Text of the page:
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J Adolesc Health. 2003 Jan;32(1):44-9.

Body modification and substance use in adolescents: is there a link?

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Division of Adolescent/Young Adult Medicine, Children's Hospital Boston, Harvard Medical School, Boston, Massachusetts 02115, USA.



To describe the characteristics of body modification among adolescents and to determine whether adolescents who engage in body modification are more likely to screen positive for alcohol and other drug problems than those who do not.


Adolescents aged 14 to 18 years presenting to an urban adolescent clinic for routine health care completed a questionnaire about body modification and a substance use assessment battery that included the 17-item Problem Oriented Screening Instrument for Teenagers Alcohol/Drug Use and Abuse Scale (POSIT-ADS). Body modification was defined as piercings (other than one pair of bilateral earlobe piercings in females), tattoos, scarification, and branding. Problem substance use was defined as a POSIT-ADS score > or =1. Data were analyzed using logistic regression to determine whether the presence of body modification was an independent predictor of problem substance use.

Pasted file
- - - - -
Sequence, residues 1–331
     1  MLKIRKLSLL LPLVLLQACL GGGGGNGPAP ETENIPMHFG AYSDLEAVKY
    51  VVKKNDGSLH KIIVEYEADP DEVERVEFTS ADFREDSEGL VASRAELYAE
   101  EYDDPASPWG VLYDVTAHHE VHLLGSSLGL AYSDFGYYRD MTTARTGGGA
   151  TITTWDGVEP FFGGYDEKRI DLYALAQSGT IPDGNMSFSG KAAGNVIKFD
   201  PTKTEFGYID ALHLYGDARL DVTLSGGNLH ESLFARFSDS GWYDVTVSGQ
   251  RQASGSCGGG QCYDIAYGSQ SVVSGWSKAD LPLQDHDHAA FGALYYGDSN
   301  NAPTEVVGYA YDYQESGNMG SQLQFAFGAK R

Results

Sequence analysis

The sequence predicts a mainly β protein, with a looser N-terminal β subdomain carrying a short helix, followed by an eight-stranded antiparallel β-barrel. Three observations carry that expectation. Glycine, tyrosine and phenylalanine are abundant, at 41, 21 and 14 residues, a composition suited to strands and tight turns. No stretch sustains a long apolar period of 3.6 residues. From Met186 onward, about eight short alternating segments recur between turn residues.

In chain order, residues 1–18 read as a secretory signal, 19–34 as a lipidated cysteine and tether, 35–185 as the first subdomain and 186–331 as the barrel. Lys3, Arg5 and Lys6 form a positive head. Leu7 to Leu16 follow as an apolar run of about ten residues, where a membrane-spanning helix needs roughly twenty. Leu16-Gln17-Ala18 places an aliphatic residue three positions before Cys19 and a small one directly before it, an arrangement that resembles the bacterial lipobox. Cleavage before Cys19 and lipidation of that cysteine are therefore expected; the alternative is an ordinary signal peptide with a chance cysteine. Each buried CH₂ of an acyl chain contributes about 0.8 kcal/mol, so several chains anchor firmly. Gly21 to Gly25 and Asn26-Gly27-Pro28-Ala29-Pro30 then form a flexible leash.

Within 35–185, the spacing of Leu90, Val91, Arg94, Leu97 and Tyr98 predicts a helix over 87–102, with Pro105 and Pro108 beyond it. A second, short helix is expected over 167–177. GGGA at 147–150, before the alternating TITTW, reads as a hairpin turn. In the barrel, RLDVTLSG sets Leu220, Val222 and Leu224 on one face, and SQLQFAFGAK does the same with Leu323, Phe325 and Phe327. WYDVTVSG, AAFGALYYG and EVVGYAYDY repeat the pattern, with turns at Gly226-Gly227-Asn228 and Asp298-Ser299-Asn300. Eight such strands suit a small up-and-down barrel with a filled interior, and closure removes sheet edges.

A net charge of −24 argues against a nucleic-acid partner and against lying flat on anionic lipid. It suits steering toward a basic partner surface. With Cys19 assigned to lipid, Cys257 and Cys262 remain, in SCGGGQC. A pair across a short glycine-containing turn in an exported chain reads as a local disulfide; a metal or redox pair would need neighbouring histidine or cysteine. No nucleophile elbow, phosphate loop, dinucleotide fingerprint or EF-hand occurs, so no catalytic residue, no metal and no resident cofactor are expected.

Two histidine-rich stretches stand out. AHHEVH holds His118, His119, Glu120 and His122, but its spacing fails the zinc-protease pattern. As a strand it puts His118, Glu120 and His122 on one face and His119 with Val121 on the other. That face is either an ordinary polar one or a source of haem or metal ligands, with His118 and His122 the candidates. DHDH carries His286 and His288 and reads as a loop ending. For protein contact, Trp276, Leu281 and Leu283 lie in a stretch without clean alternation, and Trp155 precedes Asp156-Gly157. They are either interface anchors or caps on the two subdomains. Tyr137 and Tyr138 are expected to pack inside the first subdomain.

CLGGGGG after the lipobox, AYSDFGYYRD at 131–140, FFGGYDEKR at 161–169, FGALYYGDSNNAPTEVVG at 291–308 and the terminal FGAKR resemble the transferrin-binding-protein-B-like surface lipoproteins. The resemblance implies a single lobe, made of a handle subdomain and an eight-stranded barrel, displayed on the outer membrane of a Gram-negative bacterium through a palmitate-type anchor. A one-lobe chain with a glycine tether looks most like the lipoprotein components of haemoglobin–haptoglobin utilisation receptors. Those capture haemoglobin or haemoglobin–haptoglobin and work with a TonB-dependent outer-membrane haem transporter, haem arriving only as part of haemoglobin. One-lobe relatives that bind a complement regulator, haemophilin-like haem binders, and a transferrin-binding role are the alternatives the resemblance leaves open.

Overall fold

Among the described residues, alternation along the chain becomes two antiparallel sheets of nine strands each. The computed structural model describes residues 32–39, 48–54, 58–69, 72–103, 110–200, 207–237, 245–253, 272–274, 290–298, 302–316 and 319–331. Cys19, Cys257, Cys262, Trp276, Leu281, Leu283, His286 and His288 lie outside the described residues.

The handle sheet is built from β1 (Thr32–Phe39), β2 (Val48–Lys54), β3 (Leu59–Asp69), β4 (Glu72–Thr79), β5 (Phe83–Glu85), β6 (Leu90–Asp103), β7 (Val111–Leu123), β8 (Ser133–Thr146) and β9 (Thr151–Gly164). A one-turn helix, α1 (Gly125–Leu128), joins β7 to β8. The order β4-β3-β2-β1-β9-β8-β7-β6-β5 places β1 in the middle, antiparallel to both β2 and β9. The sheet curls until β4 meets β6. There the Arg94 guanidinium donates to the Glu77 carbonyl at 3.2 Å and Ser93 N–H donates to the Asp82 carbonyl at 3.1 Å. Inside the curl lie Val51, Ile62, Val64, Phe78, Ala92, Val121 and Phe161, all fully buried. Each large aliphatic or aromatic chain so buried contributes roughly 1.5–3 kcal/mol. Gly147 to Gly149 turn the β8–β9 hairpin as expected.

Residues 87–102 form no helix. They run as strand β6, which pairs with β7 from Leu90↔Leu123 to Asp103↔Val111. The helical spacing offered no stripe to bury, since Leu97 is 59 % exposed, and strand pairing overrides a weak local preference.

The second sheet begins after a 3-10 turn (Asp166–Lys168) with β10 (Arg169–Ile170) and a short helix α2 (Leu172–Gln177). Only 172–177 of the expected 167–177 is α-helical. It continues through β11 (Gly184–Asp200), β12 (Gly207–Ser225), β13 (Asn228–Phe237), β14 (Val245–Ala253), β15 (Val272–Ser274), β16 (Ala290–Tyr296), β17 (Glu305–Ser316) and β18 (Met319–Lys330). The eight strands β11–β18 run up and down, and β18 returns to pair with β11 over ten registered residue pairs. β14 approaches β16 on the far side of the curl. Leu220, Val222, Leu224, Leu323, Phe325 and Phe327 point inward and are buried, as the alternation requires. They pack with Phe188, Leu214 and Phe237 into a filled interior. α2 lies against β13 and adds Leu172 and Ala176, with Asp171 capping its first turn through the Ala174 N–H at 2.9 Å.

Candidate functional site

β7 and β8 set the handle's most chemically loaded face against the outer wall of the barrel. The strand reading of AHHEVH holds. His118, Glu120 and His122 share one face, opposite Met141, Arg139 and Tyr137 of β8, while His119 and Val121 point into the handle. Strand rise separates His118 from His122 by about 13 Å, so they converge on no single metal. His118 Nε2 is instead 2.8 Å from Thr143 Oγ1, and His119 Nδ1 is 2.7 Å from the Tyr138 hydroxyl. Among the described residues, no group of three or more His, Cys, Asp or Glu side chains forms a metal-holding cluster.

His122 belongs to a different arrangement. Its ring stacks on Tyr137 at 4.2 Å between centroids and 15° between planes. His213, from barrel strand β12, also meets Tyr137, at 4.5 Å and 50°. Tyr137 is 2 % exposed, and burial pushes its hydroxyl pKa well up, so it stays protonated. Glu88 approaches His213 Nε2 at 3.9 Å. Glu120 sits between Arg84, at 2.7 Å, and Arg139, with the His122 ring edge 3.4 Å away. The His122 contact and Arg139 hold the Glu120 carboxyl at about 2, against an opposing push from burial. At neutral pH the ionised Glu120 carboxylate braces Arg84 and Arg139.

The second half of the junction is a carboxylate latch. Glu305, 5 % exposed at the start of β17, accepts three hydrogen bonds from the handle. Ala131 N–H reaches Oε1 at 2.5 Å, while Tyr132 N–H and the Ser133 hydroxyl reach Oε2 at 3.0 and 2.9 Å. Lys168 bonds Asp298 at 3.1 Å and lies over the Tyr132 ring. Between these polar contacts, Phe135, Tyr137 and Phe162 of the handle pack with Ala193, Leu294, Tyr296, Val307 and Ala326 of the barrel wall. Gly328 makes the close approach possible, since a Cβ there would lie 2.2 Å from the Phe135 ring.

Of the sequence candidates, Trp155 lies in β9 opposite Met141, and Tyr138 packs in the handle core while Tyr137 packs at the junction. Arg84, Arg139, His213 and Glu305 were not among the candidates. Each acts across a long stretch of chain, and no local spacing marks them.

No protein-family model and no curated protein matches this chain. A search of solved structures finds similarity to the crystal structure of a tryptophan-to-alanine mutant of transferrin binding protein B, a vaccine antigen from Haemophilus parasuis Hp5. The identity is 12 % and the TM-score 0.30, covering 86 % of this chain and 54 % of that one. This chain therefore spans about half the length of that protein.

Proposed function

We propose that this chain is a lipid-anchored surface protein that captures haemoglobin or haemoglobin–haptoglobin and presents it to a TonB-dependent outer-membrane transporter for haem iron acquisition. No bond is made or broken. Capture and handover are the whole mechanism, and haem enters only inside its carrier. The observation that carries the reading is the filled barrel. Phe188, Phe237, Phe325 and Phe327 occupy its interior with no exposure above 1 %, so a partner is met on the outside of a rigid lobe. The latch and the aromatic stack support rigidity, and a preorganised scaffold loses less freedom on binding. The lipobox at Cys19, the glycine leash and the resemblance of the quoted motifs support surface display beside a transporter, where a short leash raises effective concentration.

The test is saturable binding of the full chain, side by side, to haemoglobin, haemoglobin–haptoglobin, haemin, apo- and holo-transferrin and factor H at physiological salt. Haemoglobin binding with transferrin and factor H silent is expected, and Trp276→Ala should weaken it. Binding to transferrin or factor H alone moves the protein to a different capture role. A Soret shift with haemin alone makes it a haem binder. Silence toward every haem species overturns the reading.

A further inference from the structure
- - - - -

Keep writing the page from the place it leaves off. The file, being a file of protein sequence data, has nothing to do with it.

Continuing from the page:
The 210 participants had a mean (+/- SD) age of 16.0 (+/- 1.4) years and 63% were female. One hundred adolescents (48%) reported at least one body modification; girls were more likely than boys to have body modification (59% vs. 28%, p < or = .0005). Ninety (42%) reported piercings, 22 (10%) tattoos, 9 (4%) scarification, and 1 (< 1%) branding; 21 (10%) had more than one type of body modification. These were in a variety of locations, most commonly the ear and the nose (piercings) or the extremities (tattoos). One-third of the sample (33%) screened positive for problem substance use on the POSIT-ADS questionnaire. Controlling for age, adolescents with body modification had 3.1 times greater odds of problem substance use than those without body modification (95% CI 1.7, 5.8).


Body modification was associated with self-reported problem alcohol and other drug use among middle adolescents presenting for primary care. More research is needed to determine the clinical and sociocultural significance of body modification and its relationship to substance use in this population.

[Indexed for MEDLINE]

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